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Wednesday, January 21 2004

Burn by Jennifer Natalya Fink

Fink manages the cultural uncertainty of the outsider and dissenter in the material deftly by presenting not only a Communist heroine but one that is Jewish as well in a time that prized greater homogeneity.


Monday, January 12 2004

Striptease: From Gaslight to Spotlight by Jessica Glasscock

With surprisingly little attention paid toward the concept of the 'male gaze,' Glasscock, instead, frames her retrospective around the impact that these women have had on culture, both selectively and in entirety.


Paranoia by Joseph Finder

Reviewers should never reveal that critical plot pivot early in most suspense thrillers when the reader should stop and think about the protagonist's course of action. The 'give away point' you could call it.


Mailman by J. Robert Lennon

Mailman's double life offers a penetrating critique of American social hypocrisy, embroiled in its own weird narrative, reluctant to respond to much outside of itself, and forced, eventually, to go on the run in search of escape from itself and the world it has made.


The Evening Crowd at Kirmser’s: A Gay Life in the 1940s by Ricardo J. Brown

Three men with little in common save their sexual preference for other men and, because of the times in which they came of age, the need to keep that a secret from most of society.


Alfred Hitchcock: A Life in Darkness and Light by Patrick McGilligan

Who but 'a manipulative egoist' could have created so much enthralling cinema? And who but 'a shriveled soul' would have wanted to?"


Monday, January 5 2004

Visions of the Apocalypse: Spectacles of Destruction in American Cinema by Wheeler Winston Dixon

At once a meditation on all that is wrong with contemporary cinema and a comment on the political climate, the book argues that we have always been fascinated with our own destruction and it is only now that we can realise it on screen.


True Enough by Stephen McCauley

Through McCauley's eyes, even the white lies used in social discourse become indicative of humanity's almost pathological inability to be frank.


The Substance of Style: How the Rise of Aesthetic Value Is Remaking Commerce, Culture, & Consciousne

Critics who deem the adornment of a person, place or object as inauthentic, something that merely adds disguise and trickery, fail to recognize what a tap of the pretty stick adds to the 'function' of something.


A Quaint & Curious Volume of Forgotten Lore: The Mythology & History of Classic Horror Films by Fran

Stritto would probably agree with those who feel that what keeps these old favorites alive -- as opposed to dusty museum pieces -- is that they are capable of reinterpretation.


The Known World by Edward P. Jones

This is the crux of the novel: Slavery pollutes everyone who participates in it and warps their concepts of justice and humanity.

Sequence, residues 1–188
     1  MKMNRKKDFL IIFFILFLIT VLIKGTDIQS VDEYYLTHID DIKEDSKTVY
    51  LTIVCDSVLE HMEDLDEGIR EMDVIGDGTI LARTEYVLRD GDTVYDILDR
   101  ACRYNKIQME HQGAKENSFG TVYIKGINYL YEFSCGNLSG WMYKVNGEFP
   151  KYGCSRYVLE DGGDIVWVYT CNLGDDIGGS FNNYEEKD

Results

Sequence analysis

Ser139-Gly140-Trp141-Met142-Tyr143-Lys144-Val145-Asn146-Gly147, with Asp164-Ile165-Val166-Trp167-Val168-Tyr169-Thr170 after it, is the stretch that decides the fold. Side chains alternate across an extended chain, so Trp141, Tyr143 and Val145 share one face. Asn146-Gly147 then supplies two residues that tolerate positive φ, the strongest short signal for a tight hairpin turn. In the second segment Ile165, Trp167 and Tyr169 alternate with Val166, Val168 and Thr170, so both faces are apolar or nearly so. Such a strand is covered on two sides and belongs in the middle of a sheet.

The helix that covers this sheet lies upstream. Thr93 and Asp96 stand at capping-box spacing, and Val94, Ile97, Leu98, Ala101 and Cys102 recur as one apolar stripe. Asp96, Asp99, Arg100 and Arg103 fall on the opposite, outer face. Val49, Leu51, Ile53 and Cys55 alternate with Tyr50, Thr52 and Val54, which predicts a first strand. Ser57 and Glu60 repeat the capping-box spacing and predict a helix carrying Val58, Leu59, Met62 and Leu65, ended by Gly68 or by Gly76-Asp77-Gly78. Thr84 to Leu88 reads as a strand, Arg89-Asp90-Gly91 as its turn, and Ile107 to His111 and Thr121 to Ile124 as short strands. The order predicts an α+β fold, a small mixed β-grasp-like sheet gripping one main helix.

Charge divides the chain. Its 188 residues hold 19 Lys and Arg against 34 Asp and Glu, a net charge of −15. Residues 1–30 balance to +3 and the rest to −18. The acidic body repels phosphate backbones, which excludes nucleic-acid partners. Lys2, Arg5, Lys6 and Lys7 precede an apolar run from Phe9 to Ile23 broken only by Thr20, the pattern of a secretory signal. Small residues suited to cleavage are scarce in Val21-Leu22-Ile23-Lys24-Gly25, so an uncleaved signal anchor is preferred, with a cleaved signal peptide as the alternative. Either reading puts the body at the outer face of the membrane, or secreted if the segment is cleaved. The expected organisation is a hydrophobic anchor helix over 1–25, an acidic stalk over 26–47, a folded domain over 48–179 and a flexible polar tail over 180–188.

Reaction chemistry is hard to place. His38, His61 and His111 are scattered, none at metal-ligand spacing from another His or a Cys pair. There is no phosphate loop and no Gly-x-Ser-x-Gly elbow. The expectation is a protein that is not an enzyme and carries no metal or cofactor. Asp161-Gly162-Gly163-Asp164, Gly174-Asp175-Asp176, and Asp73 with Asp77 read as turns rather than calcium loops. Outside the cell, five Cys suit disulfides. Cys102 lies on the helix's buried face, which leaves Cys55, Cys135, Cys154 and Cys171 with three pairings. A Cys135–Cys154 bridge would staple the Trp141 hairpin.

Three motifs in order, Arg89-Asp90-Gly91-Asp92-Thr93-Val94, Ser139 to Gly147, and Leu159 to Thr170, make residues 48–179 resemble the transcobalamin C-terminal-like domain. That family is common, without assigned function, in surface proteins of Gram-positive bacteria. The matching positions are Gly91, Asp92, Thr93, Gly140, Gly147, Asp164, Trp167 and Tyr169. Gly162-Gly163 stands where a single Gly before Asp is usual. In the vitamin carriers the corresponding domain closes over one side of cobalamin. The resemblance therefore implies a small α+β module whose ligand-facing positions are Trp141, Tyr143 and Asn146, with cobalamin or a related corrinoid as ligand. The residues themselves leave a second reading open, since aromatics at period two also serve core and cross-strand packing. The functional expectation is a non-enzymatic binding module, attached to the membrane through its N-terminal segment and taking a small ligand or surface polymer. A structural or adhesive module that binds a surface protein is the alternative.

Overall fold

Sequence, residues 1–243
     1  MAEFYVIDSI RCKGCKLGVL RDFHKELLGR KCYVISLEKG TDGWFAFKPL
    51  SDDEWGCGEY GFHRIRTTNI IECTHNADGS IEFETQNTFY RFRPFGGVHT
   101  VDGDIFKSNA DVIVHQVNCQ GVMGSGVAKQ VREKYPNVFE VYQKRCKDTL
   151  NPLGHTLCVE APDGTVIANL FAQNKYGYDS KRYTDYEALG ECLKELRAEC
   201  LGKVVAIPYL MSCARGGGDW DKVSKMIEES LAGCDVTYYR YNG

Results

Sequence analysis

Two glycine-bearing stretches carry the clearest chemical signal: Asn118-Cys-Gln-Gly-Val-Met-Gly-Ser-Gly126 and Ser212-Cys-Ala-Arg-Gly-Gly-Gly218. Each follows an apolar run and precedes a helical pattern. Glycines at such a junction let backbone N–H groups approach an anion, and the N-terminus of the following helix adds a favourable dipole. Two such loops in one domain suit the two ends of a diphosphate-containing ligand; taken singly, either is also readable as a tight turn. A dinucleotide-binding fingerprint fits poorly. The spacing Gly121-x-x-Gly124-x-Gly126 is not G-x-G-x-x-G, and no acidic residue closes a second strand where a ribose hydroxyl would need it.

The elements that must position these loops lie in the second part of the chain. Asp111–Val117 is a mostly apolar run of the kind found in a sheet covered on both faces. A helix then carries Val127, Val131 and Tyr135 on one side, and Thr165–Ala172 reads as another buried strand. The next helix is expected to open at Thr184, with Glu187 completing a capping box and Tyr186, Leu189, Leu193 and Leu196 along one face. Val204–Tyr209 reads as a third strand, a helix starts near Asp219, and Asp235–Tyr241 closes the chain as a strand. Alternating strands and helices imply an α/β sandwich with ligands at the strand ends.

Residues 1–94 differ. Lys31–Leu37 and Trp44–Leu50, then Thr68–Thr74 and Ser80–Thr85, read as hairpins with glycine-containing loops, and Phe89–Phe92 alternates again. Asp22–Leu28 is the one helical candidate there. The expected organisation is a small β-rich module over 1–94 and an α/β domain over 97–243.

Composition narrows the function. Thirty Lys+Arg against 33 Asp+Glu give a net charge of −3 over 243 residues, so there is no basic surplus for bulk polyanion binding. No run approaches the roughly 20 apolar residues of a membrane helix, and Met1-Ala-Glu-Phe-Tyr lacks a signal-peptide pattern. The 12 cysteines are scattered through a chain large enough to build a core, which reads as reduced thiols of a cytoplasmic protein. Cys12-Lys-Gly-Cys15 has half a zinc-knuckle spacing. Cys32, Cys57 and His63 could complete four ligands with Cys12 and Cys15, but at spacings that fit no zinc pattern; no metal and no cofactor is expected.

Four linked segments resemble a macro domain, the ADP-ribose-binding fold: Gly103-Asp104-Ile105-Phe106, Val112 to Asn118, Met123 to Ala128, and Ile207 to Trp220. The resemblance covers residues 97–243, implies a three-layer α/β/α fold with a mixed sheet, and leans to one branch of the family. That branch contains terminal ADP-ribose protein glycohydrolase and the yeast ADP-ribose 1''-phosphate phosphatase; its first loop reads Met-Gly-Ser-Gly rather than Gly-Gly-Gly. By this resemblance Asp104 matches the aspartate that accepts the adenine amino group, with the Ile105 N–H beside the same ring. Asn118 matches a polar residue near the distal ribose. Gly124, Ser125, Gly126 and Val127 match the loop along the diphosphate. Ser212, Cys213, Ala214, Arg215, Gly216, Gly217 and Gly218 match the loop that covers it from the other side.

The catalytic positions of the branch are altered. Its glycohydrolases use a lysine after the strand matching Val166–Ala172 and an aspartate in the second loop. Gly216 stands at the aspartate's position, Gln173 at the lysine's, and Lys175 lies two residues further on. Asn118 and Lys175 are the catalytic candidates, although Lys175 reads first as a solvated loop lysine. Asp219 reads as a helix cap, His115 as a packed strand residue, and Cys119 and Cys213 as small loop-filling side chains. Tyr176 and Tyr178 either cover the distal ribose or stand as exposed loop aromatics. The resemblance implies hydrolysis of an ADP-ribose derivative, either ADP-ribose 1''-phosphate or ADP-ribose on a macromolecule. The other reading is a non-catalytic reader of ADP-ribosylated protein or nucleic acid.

Beckham, Both Feet on the Ground: An Autobiography by David Beckham with Tom Watt

David Beckham is not the pink nail-polished, panty-wearing metrosexual husband of Posh Spice. He is the average bloke who is living the sports fantasy through hard work and training.


Friday, December 19 2003

Tabloid Nation: From the Birth of the Daily Mirror to the Death of the Tabloid by Chris Horrie

While the motive for running newspapers may now be profit, in other respects the two motivations have merged. Profit is power.


Red, White and Liberal: How Left is Right and Right is Wrong by Alan Colmes

One can appreciate Colmes's need to do some CYA when it comes to his employer, yet his repeated defense of Fox News reinforces the opinion of those liberals who brand him a sell-out.


Love and Country by Christina Adam

In the wrong hands, a concoction of adolescent boys, absent fathers, lonely mothers and an untamed land could shove the entire enterprise into Hallmark Hall of Fame territory.


Every Good Boy Does Fine by Tim Laskowski

One of the most significant messages carried by the novel is that reality is not obliged to make anyone's dreams come true.


Edison & the Electric Chair: A Story of Light and Death by Mark Essig

Essig combines together a mini-biography of Thomas Edison, a short history of capital punishment in America, wars over electricity and the evolution of the electric chair.


Collected Poems 3: Poems 1997-2003 by Peter Reading

Reading invites the reader into a poetic world where the contemplation of natural beauty is an imperative in the face of its imminent destruction at the hand of man.


Tuesday, December 2 2003

Ultimate Punishment: A Lawyer’s Reflections on Dealing with the Death Penalty by Scott Turow

Ultimately, to Turow, the issue is one of moral proportion. The perpetrators of the most violent crimes, the most depraved of the depraved, would seem to warrant the most extreme of penalties.


Everything and More: A Compact History of Infinity by David Foster Wallace

This account of infinity is enough to make a head reel, as paradoxes, mind games, and riddles that left the greatest minds in mathematics stumped for ages are packed into a matter of a few hundred pages.


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